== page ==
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I've just unwrapped my new MacBook Pro (yay!) and am now setting it up properly for development. Since I want to avoid clutter, I'm wondering if I really need to install the Xcode tools at all (I never use the IDE or Mac specific tools), since I'll install a newer version of GCC anyway, using MacPorts.

So, is there any benefit in installing Xcode? Is it necessary? What kind of set-up does it do behind the scenes? Basically: can I skip this or will it come back to haunt me because some Unix development tools just assume that OS X is always set up in this way?

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see also: stackoverflow.com/q/114884/240633 –  ergosys Jul 31 '11 at 2:42

7 Answers 7

up vote 15 down vote accepted

In order to perform an easy and successful install of MacPorts, already having tools from the xCode installer is necessary. You only need the install option that places a copy of the unix/header files outside of xcode; everything else can remain uninstalled.

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that's a good point. –  Can Berk Güder Feb 24 '09 at 20:23
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Turns out, this was a really stupid question since, as you said, Xcode is listed as the first prerequisite of MacPorts. Shows that even bad questions get good answers. Thanks a lot to all. –  Konrad Rudolph Feb 24 '09 at 20:35
    
This guy is on the macports team, he would know. :) –  Jon W Feb 24 '09 at 20:38

A friend of mine recently released this:

https://github.com/kennethreitz/osx-gcc-installer

Have fun :)

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I tried this trick and I was constantly chasing missing header files and such. Just install XCode.

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We primarily use the Xcode IDE for building Cocoa/Carbon applications. Xcode typically has different project templates (and project settings fixed accordingly). As long as you are not going to generate a Universal Binary or a framework I think you should be ok. As far as I am concerned, when I am too pissed with Xcode, I go back to the command line, set up the paths myself and start using GDB.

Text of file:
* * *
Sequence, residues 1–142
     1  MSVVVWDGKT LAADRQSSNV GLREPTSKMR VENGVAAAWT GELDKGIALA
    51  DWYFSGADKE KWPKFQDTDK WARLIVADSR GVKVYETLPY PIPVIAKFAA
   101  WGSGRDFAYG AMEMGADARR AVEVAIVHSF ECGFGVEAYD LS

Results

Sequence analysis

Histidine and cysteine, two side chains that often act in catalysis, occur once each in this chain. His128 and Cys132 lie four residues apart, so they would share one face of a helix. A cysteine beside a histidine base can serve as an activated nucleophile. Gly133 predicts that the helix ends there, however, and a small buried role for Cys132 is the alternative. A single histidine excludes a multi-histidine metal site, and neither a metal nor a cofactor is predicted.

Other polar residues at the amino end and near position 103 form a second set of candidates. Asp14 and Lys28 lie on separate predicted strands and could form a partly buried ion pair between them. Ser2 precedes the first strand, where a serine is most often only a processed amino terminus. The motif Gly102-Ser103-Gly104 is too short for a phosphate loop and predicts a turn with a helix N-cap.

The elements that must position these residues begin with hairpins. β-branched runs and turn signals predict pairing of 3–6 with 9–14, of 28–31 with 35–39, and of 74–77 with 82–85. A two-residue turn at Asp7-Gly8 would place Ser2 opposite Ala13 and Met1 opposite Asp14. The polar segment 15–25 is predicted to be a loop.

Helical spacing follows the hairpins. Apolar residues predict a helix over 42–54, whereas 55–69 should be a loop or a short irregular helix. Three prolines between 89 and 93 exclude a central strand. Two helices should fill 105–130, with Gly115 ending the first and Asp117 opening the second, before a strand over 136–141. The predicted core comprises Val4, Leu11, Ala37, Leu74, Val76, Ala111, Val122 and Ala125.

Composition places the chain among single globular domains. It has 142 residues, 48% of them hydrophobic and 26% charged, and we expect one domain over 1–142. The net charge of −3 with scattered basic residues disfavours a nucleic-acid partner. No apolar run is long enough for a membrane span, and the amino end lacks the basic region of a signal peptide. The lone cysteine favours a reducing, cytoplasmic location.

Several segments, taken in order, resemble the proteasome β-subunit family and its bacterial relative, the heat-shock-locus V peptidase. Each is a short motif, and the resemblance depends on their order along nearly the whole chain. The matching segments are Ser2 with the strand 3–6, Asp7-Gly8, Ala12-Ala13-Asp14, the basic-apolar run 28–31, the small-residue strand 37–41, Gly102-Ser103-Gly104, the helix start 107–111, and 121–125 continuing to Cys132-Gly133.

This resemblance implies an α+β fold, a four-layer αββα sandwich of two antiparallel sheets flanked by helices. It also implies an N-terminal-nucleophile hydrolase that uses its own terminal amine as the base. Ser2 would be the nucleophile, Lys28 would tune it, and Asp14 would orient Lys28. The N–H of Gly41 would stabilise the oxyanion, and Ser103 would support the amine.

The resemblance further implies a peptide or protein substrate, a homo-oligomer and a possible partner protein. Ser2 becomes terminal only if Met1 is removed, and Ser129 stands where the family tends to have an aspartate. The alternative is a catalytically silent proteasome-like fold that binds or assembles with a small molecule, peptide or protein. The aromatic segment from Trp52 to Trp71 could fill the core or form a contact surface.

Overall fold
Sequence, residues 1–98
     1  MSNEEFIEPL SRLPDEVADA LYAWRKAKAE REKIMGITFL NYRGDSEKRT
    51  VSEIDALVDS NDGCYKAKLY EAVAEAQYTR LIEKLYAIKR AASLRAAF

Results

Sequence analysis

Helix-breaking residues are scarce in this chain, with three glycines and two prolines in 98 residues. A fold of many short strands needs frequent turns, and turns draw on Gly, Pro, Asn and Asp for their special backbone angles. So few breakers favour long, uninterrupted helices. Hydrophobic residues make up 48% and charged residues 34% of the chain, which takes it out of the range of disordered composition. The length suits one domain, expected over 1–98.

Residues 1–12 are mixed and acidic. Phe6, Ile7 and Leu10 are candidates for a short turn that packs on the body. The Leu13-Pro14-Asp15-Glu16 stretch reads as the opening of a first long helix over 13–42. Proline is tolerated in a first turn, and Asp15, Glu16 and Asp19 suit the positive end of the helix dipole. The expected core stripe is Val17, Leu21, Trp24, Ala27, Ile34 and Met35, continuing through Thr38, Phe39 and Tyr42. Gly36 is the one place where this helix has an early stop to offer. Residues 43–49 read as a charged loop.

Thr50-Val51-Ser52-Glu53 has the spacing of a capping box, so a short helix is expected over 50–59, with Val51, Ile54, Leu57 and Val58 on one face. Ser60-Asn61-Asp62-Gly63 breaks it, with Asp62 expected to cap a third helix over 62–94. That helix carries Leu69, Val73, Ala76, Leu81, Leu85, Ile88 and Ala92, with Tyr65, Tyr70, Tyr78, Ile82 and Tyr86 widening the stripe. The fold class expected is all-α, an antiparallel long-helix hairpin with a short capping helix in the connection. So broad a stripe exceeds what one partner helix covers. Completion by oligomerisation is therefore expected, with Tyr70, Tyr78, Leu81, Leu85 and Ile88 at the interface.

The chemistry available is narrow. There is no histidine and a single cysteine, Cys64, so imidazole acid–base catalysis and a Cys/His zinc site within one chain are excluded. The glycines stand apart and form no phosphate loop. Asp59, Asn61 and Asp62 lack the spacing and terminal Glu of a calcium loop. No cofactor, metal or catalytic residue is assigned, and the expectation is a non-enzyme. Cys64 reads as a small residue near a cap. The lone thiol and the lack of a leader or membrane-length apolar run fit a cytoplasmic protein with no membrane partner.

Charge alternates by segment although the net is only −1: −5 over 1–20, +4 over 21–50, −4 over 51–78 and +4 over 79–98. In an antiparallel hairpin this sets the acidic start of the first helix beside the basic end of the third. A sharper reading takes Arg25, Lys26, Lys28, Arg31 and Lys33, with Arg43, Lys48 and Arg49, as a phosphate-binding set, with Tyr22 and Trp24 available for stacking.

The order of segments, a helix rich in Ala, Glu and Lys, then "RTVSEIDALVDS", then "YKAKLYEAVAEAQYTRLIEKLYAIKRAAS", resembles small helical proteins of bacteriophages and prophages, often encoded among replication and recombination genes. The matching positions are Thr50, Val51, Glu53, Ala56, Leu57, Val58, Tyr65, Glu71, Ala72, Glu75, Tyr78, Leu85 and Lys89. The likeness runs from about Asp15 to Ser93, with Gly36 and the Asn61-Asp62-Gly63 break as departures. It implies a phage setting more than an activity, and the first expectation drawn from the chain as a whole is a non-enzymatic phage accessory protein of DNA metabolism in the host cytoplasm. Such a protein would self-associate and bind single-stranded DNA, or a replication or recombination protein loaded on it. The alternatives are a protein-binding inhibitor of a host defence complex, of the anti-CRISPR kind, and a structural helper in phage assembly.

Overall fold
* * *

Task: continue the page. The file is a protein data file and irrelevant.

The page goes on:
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First of all, congratulations on the new MBP. I recently bought a 15" unibody myself. =)

You can safely skip Xcode installation, and you can install almost everything Xcode installs through MacPorts, except Xcode itself, of course.

However, I believe you'll find yourself installing Xcode one day anyway, and installing Xcode is much easier than installing all the tools (especially GCC) through MacPorts.

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You can strip down the Xcode install quite a lot - when you install Xcode there is a "Customise" button where you can remove a lot of stuff (gigabytes worth).

You can also go in and delete stuff from /Developer/, for example the 10.3 SDK is about 150MB (I think), and if you're not writing software for that it's quite safe to delete. Obviously be careful when deleting, but if you break things, you can always reinstall the Developer Tools!

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Apple now provides the command line tools as a separate download from Xcode. They work with Lion and Mountain Lion. You can download them from the Apple Developer Center.

(This is noted on the osx-gcc-installer GitHub page.)

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